Wacker also lists some of the reasons golfers may be cooling toward Rio itself. I had already been thinking about all of these things, and I have a few thoughts of my own to add -- things which may or may not have been considered by those in charge.
First, I do think the Zika virus is a larger concern than many of the Olympic supporters realize. For example, History Channel did a special on the Black Plague, and the last ten minutes or so were devoted to explaining how some unknown virus could rapidly spread around our modern world. This sort of documentary isn't unusual, and the dangers of a 'killer virus' are common movie themes. For Pete's sake, many zombie movies assume that a virus is the cause of the zombies!
Such things are firmly in the back of the public's mind, and the fact that virtually no one had even heard of Zika two years ago -- along with its rapid appearance in the US and the lack of knowledge about its long-term risks going forward -- make it one more uncertainty to be dealt with.
Wacker mentions Rory's recent statement that he “...had this argument with someone last week talking about golf being in the Olympics and how it can grow the game, but fencing is in the Olympics, and how many people watch that?” I wonder if that isn't a symptom of a much larger issue that hasn't been considered.
You see, the majority of Olympic sports don't have the professional power base that golf has. True, basketball, hockey, tennis, baseball and soccer are sports that do. Other sports like cricket and rugby have followings, although they aren't on the level of, say, basketball. But other sports like track and field, or swimming, or table tennis are sports that primarily gear toward the Olympics. The system of meets and competitions that exists for these events is aimed toward Olympic qualification. They happen only rarely during the year, and they pit the best in each country against each other. Most of these athletes know each other when they finally reach the Olympics, and are used to competing against each other.
And that raises the question of the value of an Olympic medal to a golfer. This one has been seriously underestimated. The criteria for Olympic qualification in most sports is considerably different than the golf qualification... and this raises valid questions that have been ignored.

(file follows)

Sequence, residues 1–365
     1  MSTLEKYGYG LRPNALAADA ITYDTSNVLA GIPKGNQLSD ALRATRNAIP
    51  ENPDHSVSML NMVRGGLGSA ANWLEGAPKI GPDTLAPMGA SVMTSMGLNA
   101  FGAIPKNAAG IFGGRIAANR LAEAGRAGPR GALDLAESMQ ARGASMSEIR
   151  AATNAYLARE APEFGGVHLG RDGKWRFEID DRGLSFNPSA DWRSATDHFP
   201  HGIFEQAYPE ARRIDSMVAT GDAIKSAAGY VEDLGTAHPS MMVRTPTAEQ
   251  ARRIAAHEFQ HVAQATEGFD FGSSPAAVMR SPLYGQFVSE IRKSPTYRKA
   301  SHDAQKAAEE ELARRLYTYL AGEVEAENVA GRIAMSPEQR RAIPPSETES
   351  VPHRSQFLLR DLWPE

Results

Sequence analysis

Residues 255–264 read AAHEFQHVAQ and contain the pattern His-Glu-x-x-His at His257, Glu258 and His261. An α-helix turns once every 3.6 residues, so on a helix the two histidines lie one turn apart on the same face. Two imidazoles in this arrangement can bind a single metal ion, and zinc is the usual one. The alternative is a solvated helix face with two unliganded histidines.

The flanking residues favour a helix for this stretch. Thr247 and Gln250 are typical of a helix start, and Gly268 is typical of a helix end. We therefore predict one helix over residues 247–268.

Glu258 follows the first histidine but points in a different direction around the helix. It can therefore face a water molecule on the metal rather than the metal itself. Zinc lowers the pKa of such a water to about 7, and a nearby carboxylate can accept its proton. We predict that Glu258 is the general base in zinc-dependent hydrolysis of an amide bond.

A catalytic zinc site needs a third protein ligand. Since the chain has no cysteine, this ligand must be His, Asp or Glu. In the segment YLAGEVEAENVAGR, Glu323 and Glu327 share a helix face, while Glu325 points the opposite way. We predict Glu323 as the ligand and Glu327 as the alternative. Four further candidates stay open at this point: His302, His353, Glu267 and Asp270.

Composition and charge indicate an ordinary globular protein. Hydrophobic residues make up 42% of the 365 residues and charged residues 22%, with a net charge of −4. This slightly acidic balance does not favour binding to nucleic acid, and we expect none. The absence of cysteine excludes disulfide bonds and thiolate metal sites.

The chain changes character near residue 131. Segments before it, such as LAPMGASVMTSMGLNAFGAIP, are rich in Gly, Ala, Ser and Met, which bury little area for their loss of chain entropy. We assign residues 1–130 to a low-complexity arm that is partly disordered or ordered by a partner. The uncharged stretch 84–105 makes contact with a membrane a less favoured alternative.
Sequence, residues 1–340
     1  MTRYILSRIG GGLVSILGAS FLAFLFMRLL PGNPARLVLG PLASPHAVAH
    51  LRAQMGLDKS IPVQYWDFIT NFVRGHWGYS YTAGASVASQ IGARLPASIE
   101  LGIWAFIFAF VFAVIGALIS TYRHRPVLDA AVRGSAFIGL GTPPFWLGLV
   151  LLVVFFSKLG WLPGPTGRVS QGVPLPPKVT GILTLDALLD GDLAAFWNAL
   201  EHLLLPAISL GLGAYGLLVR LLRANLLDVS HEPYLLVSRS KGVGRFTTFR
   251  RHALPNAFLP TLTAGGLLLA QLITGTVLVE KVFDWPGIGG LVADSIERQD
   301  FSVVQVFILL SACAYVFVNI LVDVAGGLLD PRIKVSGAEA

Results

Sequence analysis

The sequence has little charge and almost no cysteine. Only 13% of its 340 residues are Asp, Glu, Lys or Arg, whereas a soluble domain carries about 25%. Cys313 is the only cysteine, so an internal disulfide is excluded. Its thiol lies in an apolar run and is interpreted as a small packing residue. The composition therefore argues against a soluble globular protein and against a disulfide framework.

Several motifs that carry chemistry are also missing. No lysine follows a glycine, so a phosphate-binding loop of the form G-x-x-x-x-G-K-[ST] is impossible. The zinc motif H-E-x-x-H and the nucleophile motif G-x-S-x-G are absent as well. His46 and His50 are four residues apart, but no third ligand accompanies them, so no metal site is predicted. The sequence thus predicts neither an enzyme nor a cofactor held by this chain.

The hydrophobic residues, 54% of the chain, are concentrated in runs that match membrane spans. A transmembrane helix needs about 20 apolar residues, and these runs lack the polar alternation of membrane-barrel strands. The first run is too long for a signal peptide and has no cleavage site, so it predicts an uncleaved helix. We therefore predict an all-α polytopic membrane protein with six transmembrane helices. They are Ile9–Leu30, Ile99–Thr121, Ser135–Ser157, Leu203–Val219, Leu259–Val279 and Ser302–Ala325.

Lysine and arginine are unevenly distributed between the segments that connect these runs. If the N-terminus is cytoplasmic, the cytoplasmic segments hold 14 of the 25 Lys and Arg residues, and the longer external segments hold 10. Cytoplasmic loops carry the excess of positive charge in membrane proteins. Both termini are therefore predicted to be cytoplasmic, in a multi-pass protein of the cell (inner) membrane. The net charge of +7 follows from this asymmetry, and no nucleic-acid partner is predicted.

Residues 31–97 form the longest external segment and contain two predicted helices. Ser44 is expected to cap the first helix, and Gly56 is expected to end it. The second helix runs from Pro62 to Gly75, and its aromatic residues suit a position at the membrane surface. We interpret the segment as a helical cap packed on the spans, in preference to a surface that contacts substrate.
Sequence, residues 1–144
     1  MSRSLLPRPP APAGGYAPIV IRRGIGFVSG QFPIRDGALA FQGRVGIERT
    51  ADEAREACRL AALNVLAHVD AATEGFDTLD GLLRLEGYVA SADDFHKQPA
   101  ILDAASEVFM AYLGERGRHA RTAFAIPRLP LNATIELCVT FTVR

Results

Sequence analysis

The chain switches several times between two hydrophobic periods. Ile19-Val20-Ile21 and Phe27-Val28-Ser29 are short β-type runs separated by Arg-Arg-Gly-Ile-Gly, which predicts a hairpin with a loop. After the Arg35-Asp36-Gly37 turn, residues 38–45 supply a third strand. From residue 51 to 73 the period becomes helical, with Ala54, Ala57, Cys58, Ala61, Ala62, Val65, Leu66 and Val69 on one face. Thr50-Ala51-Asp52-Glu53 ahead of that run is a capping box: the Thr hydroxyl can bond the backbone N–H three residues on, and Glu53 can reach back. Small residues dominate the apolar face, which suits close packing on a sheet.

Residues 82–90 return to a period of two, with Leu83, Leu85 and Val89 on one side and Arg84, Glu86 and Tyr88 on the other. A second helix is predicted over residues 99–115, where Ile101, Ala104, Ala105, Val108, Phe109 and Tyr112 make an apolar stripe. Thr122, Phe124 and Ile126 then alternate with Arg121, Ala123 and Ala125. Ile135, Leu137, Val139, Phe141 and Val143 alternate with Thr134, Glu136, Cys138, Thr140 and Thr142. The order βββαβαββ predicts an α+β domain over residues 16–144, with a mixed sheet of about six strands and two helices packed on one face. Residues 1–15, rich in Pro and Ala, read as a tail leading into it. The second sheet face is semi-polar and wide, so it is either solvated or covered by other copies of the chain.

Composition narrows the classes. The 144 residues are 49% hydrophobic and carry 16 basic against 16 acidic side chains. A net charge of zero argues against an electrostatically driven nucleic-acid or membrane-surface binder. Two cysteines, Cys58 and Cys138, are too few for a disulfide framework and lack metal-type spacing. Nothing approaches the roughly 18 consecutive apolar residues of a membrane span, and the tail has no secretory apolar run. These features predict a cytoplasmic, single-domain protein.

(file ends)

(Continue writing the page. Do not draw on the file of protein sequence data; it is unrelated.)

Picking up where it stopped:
In swimming, for example, most of the Top30 or Top40 in the world will make it to their next Olympics. If you win the gold medal in a swimming event, you have legitimately beaten the best in the world.
But will most of the Top50 in the world be competing in the golf competitions? Not hardly. Let's look at the women's teams, using these Olympic qualification charts for June 20 in this golf.com article and compare them with the Rolex World Rankings for the same week, since none of the women have as yet withdrawn. As things stand currently:
- Ha-Na Jang at #8 in the Rolex doesn't qualify at all, due to the four-player limit in the Top15, nor does So Yeon Ryu at #11. In fact, seven Koreans in the Top25 will not be allowed to play.
- Four Americans in the Top25, beginning with Gerina Piller at #16, will not be at the Olympics.
- Catriona Matthew, #67 in the Rolex, is #27 in the Olympic list.
- Nicole Broch Larsen, #88 in the Rolex, is #30 in the Olympic list.
- Laetitia Beck, #220 in the Rolex, is #41 in the Olympic list.
Now I understand that the field has to be limited and you can't very well have only ten nations participating in an Olympic event, so don't misunderstand me. I'm not arguing that all these other players should be in the Olympics.
What I AM saying is that this event won't even have the strength of a 'regular' LPGA event. If Rolex #1 Lydia Ko wins the gold medal, how can you legitimately compare it to winning a major?
For the men, the disparity is not quite as great but it's still troubling. Victor Dubuisson, #71 in the OWGR, is #30 in the Olympic list. Graham DeLaet is #136 in the OWGR but #41 in the Olympic list. You could make a fair argument that the limited field of the Hero World Challenge is stronger than the Olympic field... and yet purists complain because the Hero gets world ranking points!
And we already have a number of players -- like Rory -- who have withdrawn from the event. How much will Olympic gold weigh against a major in the years to come?
It's possible that Olympic exposure might help grow the game in parts of the world where it currently receives very little support. But not even the Jamaican bobsled team, popular enough to have a movie made about it, caused serious growth in that event among the nations that weren't already involved. And building a golf infrastructure in nations that don't have one will not be cheap. It will certainly cost more than a couple of competitive bobsled designs and a few trips to a bobsled track.
I don't mean this to be a damper on all the Olympic enthusiasm. I hope golf succeeds beyond its wildest dreams. But golf has been left out of the Olympics for over a century while table tennis and curling held on to their spots (and yes, I enjoy the curling competitions), and it has a seriously bourgeois reputation to boot. That's a lot to overcome under any circumstance, let alone an Olympics troubled with security and health concerns.
So is it any wonder that Rory's concerns over Zika finally won out? I don't think so. Perhaps Rio, with all its problems, was the wrong Olympics for golf to enter. Hopefully we get more than one chance before the Olympic Committee pulls the plug on this experiment.